Fran Avallone, the founder and longtime director of New Jersey Right to Choose who became a nationally recognized spokeswoman for abortion rights, has died. She was 66.
Avallone died Dec. 10 in her Los Angeles home of lung cancer, her family said.
The widow of the late novelist Michael Avallone, the former Frances Janet Weinstein established herself as a civic and political worker in Old Bridge, N.J., where the couple made their home from 1963 to 1995. Her husband died in 1999.
The Brooklyn-born Avallone helped establish a local Old Bridge library and served as its treasurer in the late 1960s.
But she became far better known for New Jersey Right to Choose, a group supporting legal abortion that she started in 1975 with $200 and an outdated mailing list. As director of the group for almost 20 years, she built it into a 7,000-member organization. She also headed Choice New Jersey, an alliance of 30 groups that advocate abortion rights.
She spearheaded the establishment of an annual full-page advertisement in the New York Times marking the anniversary of Roe vs. Wade, the U.S. Supreme Court decision that legalized abortion.
In 1987, the nationwide Giraffe Project honored her as a person who stuck her neck out to benefit the common good.
Avallone led litigation that resulted in a New Jersey Supreme Court ruling in 1982 allowing state Medicaid money to be used to pay for abortions for poor women. The decision overturned a state law passed in 1975 barring Medicaid funding for all abortions, except when a woman's life was in danger. Abortion has remained a major issue in New Jersey state politics for decades.
"Aren't poor people entitled to the same medical care?" she asked during the litigation. "If Medicaid pays for childbirth, then why not abortion?"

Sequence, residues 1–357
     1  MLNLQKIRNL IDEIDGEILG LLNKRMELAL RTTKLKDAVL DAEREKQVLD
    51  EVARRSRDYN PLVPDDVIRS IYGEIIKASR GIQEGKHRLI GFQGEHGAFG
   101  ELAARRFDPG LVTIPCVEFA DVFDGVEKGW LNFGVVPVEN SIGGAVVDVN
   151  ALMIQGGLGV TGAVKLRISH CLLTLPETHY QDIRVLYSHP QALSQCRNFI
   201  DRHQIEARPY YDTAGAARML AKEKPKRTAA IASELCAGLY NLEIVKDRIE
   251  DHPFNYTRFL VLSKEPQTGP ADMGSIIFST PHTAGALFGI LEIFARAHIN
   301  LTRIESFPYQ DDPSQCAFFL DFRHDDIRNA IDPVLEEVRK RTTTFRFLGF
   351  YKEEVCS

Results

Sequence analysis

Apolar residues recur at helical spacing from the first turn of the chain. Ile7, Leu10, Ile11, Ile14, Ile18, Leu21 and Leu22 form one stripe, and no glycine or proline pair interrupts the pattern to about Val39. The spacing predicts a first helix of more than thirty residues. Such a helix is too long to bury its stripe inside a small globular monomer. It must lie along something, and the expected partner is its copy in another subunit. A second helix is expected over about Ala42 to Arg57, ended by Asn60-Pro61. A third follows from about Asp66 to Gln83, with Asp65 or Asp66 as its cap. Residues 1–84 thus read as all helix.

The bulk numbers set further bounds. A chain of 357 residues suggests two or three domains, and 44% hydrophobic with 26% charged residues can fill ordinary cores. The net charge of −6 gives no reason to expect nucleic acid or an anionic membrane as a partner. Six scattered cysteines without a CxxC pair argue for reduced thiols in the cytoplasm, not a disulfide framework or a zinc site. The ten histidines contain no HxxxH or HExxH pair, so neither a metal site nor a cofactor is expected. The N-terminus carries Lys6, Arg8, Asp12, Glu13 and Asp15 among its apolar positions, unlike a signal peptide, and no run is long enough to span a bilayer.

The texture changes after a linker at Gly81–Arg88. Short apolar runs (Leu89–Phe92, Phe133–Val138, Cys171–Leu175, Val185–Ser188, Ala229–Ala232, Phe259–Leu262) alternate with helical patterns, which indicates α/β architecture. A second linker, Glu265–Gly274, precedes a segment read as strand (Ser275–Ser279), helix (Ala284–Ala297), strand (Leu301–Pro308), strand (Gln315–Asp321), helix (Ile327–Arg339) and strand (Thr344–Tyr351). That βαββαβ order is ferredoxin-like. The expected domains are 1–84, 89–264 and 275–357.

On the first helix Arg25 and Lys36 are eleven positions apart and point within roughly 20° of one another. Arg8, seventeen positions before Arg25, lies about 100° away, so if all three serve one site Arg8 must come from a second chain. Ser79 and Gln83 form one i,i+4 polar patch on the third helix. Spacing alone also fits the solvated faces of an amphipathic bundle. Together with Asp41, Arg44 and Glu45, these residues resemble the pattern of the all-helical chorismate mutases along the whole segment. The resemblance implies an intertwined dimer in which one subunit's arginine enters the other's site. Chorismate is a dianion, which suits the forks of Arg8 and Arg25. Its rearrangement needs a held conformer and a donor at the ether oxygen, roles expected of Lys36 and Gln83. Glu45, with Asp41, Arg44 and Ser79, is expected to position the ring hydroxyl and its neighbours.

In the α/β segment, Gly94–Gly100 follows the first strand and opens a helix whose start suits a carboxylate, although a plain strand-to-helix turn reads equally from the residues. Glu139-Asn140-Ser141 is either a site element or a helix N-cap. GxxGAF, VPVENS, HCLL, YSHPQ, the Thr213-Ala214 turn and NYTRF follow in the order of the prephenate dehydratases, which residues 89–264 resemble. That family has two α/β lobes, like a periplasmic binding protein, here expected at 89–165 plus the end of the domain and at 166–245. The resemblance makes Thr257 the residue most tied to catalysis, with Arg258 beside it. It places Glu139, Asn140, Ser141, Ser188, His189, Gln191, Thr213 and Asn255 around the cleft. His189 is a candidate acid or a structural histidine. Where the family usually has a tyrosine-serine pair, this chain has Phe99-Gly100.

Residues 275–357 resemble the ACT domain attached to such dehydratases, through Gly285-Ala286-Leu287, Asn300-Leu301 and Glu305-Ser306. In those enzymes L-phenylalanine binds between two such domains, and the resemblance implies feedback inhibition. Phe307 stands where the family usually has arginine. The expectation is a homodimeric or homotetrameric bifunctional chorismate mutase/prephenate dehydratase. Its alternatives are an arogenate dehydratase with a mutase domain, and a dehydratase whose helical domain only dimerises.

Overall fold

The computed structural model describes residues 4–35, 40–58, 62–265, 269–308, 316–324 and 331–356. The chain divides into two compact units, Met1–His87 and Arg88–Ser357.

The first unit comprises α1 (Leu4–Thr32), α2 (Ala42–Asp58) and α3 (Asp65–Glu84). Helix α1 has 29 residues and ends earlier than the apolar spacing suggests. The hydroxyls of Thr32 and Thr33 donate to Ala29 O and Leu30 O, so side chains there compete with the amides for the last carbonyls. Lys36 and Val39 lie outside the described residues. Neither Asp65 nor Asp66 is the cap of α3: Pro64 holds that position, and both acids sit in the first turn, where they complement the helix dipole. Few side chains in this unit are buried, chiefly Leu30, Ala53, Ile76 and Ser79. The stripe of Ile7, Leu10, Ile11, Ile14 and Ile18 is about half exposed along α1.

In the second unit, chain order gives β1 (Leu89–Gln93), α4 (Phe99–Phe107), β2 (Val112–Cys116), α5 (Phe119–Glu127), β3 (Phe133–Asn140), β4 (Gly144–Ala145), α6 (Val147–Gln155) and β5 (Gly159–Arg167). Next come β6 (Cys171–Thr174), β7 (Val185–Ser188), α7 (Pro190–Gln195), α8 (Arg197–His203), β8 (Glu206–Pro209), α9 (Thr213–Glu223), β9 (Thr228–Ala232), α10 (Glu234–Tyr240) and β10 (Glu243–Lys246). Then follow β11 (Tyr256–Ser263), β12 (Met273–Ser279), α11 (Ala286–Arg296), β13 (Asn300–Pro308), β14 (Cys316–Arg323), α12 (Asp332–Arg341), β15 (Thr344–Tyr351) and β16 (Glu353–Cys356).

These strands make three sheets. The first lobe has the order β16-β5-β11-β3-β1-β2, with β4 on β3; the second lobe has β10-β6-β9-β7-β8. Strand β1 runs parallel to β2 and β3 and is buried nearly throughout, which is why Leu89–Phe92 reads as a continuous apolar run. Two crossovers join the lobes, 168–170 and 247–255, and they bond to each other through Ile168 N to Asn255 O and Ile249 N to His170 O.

After moving to Los Angeles to be near her children, Avallone continued to speak out for sex education for youths and better understanding from parents. She also worked against legislation requiring parental consent for abortions given to teenagers.
"I spent the last 20 years speaking about sexuality and abortion in New Jersey high school health classes, and I very rarely met a teenager, male or female, who could comfortably talk to a parent about sex," she said in a letter to the editor of The Times published in 1996.
Her activism was fueled by personal experience. She suffered a miscarriage at age 26, delivering the fetus stillborn at a Brooklyn hospital. Restrictive abortion laws made the experience worse.
"I had to lay there with a fetus on the bed under me for an hour while the Board of Health came to certify I did not abort it," she told the Bergen (N.J.) Record in 1989. "Things like that stay with me."
Another incident that motivated her, she said, occurred when an epileptic and retarded cousin was denied legal clearance for an abortion and was forced to deliver a severely retarded child.
Avallone contributed an article on parental consent and notification laws to the 1992 college text "Taking Sides," and edited the 1978 book "On Tap Dancing" by dancer Paul Draper.
She is survived by her daughter, Susan; son, David, and stepson, Stephen, of Los Angeles; and her father, Pincus Weinstein, and a sister, Arlene Gerber, both of Florida.
The family has asked that memorial contributions be sent to Right to Choose, P.O. Box 65, Lincroft, N.J. 07738.